Nineteen percent of households owed student loan debt in 2010, more than double the share two decades earlier, according to a Pew Research Center analysis of government data. Forty percent of households headed by someone younger than age 35 owe such debt, also a record high. The average debtor family owes $26,682 in unpaid college loans, up from $23,349 in 2007.
The U.S. Education Department has released two-year and three-year default rates for student loans that came due in 2009 and 2010. In two years, 9.1 percent defaulted, double the rate six years ago. Defaults rose to 13.4 percent in three years.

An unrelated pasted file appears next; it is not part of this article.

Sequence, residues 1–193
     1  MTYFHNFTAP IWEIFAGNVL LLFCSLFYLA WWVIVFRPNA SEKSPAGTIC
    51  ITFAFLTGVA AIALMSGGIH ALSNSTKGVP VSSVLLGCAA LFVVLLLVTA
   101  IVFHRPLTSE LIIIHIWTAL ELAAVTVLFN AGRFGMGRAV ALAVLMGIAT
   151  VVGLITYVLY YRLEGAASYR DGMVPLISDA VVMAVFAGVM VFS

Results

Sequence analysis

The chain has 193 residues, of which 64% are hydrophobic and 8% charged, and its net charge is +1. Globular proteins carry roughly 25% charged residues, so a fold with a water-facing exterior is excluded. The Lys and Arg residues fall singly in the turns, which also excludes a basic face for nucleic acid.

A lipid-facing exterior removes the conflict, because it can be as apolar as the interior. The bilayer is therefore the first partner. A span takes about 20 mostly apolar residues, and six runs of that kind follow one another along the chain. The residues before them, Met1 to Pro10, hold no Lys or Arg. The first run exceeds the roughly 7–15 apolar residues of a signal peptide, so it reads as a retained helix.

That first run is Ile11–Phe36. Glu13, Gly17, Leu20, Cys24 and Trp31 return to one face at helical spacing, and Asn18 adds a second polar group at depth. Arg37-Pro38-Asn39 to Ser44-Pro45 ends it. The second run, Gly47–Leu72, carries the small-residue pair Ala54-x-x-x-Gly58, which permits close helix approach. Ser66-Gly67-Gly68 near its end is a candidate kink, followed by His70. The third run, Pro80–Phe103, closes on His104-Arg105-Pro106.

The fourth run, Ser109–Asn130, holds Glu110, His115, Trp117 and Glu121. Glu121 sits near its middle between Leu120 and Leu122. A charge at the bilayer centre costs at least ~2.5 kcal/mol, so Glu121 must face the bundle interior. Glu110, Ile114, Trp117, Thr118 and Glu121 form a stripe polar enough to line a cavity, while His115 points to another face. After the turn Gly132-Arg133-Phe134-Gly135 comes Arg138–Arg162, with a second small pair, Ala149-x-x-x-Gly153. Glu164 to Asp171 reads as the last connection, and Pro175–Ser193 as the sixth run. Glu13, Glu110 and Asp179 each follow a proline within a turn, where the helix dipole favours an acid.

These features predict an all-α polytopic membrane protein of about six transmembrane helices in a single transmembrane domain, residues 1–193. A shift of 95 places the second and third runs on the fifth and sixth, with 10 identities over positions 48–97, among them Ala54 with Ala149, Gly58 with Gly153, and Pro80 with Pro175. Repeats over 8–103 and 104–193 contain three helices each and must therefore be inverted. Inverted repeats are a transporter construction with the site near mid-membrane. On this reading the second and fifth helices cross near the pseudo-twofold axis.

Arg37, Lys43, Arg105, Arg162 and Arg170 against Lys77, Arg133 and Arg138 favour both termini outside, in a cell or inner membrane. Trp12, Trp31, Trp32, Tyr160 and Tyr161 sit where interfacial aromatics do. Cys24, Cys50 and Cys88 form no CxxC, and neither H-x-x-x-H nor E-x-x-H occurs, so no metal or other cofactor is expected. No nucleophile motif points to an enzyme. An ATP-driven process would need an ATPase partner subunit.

The default rates don’t include borrowers who’ve deferred payment because of hardship, such as unemployment, notes the Wall Street Journal. “Over the long haul, the government projects that nearly 1 in 5 borrowers will default on federal student loans.”
Borrowers can link repayments to their discretionary income; the balance will be forgiven after 20 years. But college debt is still a burden: Debtors are likely to postpone buying a new car, much less buying a home.
Glenn Reynolds has more in The Higher Education Bubble.